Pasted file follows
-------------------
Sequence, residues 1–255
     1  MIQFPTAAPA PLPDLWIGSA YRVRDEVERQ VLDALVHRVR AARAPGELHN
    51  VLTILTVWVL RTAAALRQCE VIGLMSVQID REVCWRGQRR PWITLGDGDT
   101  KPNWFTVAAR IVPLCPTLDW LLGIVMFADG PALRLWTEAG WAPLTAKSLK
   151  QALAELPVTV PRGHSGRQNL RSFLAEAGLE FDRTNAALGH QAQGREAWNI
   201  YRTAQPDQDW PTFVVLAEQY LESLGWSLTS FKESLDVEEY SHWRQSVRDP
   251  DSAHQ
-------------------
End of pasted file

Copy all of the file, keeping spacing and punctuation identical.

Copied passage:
Sequence, residues 1–255
     1  MIQFPTAAPA PLPDLWIGSA YRVRDEVERQ VLDALVHRVR AARAPGELHN
    51  VLTILTVWVL RTAAALRQCE VIGLMSVQID REVCWRGQRR PWITLGDGDT
   101  KPNWFTVAAR IVPLCPTLDW LLGIVMFADG PALRLWTEAG WAPLTAKSLK
   151  QALAELPVTV PRGHSGRQNL RSFLAEAGLE FDRTNAALGH QAQGREAWNI
   201  YRTAQPDQDW PTFVVLAEQY LESLGWSLTS FKESLDVEEY SHWRQSVRDP
   251  DSAHQ